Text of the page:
She’s a Boy I Knew (dir. Gwen Haworth)
* * *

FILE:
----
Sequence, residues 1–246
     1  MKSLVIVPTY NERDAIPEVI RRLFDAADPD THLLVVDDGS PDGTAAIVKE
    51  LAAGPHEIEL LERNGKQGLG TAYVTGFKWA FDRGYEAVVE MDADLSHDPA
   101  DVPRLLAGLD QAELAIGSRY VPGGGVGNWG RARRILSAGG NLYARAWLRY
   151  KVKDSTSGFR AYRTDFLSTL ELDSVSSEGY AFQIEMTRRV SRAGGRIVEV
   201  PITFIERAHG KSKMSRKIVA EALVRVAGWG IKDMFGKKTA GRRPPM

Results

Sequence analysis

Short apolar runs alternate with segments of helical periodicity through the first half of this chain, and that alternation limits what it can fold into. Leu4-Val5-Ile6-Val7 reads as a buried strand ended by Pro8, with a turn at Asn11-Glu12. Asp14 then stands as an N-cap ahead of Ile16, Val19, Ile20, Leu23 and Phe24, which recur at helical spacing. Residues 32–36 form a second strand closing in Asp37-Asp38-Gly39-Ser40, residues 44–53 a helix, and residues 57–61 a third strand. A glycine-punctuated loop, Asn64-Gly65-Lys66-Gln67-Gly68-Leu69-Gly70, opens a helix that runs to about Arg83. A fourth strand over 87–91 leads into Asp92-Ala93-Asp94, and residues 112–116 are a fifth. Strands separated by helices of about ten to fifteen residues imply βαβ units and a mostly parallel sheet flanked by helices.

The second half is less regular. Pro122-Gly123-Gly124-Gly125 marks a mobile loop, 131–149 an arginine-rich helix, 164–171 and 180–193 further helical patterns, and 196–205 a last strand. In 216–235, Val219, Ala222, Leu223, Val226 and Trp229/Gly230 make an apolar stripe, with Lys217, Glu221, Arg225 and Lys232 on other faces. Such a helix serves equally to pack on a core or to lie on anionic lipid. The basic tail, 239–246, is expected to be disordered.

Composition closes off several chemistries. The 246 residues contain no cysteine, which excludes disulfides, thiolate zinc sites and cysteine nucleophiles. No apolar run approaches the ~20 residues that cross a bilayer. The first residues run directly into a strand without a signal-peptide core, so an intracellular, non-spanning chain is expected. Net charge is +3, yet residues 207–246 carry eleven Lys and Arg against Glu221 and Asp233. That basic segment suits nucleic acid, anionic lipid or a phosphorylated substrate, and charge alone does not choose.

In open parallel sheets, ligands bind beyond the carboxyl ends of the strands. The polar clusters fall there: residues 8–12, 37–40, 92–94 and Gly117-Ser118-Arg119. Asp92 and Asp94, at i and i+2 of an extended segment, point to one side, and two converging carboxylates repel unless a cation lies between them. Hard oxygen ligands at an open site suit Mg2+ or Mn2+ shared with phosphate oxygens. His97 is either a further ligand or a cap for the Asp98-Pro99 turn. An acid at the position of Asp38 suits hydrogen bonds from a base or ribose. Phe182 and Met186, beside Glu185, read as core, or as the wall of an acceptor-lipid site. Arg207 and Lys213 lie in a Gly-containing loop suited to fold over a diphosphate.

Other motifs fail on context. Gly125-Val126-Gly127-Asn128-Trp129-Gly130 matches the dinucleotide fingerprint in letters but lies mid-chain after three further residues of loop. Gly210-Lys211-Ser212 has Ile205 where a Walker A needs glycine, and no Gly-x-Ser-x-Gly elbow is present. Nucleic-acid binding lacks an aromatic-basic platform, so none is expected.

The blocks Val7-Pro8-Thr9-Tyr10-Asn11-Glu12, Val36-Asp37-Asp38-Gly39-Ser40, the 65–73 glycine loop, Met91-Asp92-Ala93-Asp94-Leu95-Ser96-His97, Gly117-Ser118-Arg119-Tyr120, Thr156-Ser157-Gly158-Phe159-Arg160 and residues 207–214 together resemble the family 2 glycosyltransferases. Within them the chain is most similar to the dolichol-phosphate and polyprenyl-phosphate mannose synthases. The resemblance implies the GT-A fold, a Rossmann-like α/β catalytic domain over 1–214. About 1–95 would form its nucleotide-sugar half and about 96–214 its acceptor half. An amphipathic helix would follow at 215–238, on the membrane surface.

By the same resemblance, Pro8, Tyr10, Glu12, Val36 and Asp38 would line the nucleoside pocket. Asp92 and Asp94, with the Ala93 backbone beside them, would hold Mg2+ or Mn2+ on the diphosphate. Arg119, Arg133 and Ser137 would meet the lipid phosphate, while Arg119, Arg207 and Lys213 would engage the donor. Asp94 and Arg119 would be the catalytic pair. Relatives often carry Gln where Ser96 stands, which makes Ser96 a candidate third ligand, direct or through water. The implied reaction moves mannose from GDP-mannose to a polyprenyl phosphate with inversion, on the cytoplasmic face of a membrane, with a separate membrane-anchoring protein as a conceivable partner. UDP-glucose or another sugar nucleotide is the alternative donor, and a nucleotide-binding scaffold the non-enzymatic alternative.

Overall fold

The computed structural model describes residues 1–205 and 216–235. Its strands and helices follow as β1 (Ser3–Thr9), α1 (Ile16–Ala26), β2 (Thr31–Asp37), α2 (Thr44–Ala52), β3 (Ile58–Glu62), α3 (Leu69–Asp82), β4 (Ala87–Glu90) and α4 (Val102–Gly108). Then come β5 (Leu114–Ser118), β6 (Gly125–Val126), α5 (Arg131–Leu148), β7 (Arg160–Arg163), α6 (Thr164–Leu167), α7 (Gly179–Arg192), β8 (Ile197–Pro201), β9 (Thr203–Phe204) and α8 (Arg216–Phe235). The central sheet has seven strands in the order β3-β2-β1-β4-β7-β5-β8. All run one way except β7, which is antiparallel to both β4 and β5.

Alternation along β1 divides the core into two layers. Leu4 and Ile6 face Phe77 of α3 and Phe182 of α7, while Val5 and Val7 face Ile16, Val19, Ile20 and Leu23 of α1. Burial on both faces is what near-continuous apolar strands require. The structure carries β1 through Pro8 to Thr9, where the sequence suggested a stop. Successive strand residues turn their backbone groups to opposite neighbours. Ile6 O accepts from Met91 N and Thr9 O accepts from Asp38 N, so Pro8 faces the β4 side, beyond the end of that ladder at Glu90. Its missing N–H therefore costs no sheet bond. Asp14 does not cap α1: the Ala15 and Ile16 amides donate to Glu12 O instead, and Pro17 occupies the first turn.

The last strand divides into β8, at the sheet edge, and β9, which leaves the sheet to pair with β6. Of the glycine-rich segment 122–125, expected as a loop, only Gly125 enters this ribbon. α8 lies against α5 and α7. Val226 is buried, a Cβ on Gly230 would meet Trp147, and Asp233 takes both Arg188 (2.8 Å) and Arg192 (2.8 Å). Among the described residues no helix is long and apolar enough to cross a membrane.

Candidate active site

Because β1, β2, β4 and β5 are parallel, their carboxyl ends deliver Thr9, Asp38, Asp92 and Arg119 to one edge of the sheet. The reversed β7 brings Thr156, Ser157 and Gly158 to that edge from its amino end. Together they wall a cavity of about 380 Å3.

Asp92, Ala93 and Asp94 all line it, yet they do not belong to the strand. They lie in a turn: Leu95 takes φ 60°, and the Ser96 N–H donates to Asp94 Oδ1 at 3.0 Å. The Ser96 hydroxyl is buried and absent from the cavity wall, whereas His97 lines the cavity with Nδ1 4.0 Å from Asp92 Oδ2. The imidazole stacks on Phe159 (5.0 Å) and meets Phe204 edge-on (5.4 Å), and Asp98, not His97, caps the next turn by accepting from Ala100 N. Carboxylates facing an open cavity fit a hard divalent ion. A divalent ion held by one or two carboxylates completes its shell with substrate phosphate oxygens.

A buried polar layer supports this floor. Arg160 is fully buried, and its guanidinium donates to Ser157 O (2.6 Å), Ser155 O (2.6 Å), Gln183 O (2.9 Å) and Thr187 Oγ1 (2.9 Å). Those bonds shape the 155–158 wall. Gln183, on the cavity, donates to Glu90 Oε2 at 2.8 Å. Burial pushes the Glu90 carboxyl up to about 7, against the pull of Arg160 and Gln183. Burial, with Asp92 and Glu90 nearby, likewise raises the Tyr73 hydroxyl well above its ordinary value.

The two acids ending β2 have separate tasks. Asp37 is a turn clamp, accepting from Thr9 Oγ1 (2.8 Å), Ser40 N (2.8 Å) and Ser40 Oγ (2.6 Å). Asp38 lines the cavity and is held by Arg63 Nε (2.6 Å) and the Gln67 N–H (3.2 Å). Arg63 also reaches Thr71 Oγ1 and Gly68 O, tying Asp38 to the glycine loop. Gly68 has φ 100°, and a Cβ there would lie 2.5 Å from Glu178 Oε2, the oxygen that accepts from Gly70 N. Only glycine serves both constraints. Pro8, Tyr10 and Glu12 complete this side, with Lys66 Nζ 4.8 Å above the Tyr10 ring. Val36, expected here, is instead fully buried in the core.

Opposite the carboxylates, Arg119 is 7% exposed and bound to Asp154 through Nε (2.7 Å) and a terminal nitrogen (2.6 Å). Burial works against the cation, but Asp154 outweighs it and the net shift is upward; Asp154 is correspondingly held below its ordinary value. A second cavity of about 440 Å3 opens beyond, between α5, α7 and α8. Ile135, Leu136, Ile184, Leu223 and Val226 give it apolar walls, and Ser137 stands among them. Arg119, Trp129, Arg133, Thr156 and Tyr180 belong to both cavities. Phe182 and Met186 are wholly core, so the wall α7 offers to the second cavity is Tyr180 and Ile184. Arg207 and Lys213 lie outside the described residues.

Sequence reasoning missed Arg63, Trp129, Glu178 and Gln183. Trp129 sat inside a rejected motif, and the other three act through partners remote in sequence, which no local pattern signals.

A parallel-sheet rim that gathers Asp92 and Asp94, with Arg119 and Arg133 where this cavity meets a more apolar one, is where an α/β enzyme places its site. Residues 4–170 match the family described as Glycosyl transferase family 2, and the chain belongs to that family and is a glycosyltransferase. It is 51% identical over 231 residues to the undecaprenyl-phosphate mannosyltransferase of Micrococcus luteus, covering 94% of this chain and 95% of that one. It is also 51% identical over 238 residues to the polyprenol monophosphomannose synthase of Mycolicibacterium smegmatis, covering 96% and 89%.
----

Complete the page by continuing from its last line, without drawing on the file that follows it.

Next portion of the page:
After a shaky start, She’s a Boy I Knew emerges as a keenly felt doc on the consequences of replacing one person with another. Director Haworth charts her progress from her life as a handsome young man named Steve to her new life as Gwen by interviewing those closest to her at length. The first twenty minutes are messy, with Haworth’s narration feeling overly present, suffocating the opinions of her external subjects. Over time, however, her grip loosens, and the film explores tricky emotional ground, particularly when we spend time with Malgosia, Gwen’s beguiling ex-wife, who admits both her initial anger towards Gwen (then Stephen) for her decision, and later confesses her diminishing sexual interest, finding herself unable to convince herself of the “superficiality” of Gwen’s changing body in the face of the still-present “essence” of the person she loves. There’s also a lingering sense of heartbreak in scenes with Gwen’s tight-lipped Mountie father, who looks for clues in his parentage as to how his son may have gone “astray” – yet simultaneously recognizes something in Gwen that he himself withheld in his youth. Through it all, Haworth exhibits a sense of inclusiveness, fleshing out their histories as well as her own, always seeking to empathize even when there is a lack of mutual understanding. I could have done without the animated segments, but they’re brief, and are made up for with the inclusion of some surprisingly frank images of Gwen’s post-op transformations – an important inclusion, reminding us that the ignominy that may come with her emerged gender awareness is hardly the only trial she faces.